Some time ago I mentioned the architect Antti LOVAG and his “palace of bubbles” here. As I learned from this interesting article (only Ger. sorry) meanwhile a book is published about him: Pierre ROCHE: Antti Lovag. Habitologue. France Europe Editions, Nizza 2010. 98 S., € 25.–. LOVAG, meanwhile 91, is still active and planning. For an English article about him go here.
I needed to hook up another computer to the web, a not too modern laptop, and it took hours to update things. Now I only have to make it start and shut down a bit faster and all will be fine; it’s the google machine. Very friendly people invited me to have a look into google+, it’s a bit confusing at the beginning.
Now it’s correcting again – ah for the sake of it … for the vague promise of a bottle of Pálinka sometimes in August … friends …
Until the 17th of October the Paris Motor Show will take place, but major magazines already present photographs of the new models. Clicking through these collections I come to the conclusion that the new models are the old models – I miss something.
Most cars look the same. And if it’s low and loud it’s a Porsche – but I do not want to ride one inch over the tarmac and peep trucks under the belly while overtaking.Porsches surely are good cars, reliable, fast, carrying tons of status and a handbag. They are produced in high numbers, what is basically no bad thing. They combine the high quality of modern industrialized production with the possibility of individualization: My Porsche is green with pink stars, see? A Mangusta is assembled by hand, as is a Wiesmann, let alone the iconic Morgan Roadster with it’s wooden frame, in production since – oh, before the war. Of course Morgan uses Ford engines, as Wiesmann the BMW power plants, while Porsche still builds it’s own six cylinder boxer.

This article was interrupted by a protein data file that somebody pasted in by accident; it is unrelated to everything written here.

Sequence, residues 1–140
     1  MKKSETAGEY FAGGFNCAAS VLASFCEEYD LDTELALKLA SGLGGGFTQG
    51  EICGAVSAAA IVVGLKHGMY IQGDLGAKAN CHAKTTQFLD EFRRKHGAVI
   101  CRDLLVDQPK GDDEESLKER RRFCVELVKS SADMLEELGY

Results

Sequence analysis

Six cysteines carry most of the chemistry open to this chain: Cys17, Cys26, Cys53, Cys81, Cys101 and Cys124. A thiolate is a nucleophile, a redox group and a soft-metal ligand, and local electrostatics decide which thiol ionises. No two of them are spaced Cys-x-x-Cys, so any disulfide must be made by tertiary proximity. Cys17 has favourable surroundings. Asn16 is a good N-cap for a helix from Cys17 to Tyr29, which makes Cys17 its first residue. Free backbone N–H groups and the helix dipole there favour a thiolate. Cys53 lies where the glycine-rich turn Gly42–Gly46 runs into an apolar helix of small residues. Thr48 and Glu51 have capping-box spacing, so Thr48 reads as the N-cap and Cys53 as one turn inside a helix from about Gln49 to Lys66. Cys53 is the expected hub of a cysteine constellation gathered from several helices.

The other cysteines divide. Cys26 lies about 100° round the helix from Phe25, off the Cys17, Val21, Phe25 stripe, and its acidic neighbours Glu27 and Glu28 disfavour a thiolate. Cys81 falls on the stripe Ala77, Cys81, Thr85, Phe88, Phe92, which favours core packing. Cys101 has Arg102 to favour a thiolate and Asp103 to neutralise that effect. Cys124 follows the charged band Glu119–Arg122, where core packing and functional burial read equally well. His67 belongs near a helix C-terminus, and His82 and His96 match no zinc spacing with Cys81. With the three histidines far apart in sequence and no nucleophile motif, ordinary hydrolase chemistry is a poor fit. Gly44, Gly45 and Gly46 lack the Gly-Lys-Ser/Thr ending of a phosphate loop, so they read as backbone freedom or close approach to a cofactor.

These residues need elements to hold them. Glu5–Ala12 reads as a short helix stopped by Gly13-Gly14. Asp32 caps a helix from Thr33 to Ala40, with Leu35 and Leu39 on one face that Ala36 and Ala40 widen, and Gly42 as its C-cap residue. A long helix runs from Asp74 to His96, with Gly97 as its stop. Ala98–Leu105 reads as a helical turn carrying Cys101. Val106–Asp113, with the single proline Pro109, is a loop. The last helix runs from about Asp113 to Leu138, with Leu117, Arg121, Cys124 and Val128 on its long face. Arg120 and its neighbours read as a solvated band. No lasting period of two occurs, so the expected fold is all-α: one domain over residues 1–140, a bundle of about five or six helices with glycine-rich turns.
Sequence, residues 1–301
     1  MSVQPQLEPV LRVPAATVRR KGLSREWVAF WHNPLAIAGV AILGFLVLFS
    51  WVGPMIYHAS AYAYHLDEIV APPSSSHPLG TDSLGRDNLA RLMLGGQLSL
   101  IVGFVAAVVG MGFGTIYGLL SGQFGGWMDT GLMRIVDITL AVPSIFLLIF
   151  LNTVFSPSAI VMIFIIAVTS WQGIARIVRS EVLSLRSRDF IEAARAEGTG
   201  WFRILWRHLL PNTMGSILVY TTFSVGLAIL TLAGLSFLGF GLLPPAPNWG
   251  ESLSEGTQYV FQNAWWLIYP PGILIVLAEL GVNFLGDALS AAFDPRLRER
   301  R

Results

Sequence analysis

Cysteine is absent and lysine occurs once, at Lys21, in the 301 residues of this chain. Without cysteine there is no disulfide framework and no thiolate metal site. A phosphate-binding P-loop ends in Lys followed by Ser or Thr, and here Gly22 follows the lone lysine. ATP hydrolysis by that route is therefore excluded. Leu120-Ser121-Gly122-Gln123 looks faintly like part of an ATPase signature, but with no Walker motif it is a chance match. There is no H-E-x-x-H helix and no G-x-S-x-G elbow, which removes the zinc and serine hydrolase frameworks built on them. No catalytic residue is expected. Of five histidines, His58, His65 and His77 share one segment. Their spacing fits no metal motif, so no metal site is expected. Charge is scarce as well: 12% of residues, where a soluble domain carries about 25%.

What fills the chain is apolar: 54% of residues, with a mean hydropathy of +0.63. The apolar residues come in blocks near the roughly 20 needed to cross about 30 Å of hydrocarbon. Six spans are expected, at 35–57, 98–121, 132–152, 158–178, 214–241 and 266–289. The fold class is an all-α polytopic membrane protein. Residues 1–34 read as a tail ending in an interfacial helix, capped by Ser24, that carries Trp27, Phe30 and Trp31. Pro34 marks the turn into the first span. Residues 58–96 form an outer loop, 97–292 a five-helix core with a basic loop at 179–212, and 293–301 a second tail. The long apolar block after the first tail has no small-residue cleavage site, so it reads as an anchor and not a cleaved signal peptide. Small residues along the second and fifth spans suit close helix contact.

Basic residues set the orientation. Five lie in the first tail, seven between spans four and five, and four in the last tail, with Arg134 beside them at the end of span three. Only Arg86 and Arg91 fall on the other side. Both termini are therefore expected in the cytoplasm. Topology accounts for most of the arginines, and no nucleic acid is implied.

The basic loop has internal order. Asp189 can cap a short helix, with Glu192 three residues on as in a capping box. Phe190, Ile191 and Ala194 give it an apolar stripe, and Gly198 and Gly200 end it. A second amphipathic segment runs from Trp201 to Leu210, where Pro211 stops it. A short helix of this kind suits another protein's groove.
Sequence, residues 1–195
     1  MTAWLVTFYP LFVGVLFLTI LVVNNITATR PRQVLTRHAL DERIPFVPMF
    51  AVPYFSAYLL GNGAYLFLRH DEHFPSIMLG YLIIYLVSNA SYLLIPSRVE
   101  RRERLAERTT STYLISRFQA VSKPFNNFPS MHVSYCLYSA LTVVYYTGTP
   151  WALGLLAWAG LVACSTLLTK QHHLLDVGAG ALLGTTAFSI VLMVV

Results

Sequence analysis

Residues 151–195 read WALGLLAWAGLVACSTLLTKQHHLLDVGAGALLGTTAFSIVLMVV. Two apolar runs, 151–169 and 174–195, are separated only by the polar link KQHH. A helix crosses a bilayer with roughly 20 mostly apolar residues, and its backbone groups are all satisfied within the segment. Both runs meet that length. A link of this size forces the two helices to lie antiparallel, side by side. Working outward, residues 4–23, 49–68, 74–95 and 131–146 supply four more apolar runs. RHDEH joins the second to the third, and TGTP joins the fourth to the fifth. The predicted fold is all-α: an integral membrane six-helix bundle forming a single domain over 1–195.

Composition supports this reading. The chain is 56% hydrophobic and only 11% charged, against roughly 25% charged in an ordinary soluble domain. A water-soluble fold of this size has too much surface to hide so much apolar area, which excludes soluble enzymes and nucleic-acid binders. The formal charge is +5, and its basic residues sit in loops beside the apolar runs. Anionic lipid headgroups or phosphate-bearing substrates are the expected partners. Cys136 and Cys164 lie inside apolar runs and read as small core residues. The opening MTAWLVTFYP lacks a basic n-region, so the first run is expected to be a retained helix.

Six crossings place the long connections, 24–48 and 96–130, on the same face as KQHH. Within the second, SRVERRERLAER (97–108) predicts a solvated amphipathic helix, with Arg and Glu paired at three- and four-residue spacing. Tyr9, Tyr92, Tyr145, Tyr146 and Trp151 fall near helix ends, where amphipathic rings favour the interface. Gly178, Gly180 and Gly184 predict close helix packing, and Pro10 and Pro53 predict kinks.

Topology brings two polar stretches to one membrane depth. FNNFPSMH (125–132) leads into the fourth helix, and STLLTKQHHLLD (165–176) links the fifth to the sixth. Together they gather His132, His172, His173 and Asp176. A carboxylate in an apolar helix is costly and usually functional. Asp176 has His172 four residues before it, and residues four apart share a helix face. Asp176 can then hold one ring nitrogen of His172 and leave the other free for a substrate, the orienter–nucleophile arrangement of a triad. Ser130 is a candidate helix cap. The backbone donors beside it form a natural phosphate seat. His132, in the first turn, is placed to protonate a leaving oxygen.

One has always the possibility to build a kit, put an individual body shell over a frame – by far no new idea. There is still a hard-core community for 2 CV conversions and various small companies offer their products. After WWII a lot of kits were produced in the UK and elsewhere, Ashley and Scimitar may be known still today. A nice publication is OldClassicCars. Actual one can have a boattail from Deco Rides for example.
But all these cars are or at least pretend to be sports cars: Low, loud, fast. To sum it up: Uncomfortable.
Of course one must not turn to the other extreme and jump in – or better climb onto a Landrover. It was once built under license by German company Tempo, who had developed a very interesting overland vehicle of it’s own. But riding high over the tarmac and having the theoretical possibility to drive the beast nearly anywhere on the planet not necessarily includes comfort.
Comfort as it was found in the DS for example, years after production’s end still a design and technical icon. A friend once owned a real Pallas seven-seater and I can assure you that it is like riding on the magic carpet. Sadly enough déesses rust away in exceptional speed. The hydropneumatical suspension and spring responsible for the smooth ride is developed further, actual Citroen cars are fitted with mark three of the system.
While Stutz is out of production my personal favorite is the Blenheim 3 G by Bristol Cars. It’s comfortable, compact but roomy and no-nonsense. A comfy fauteuil on wheels. And as I see it the last really independent car producer.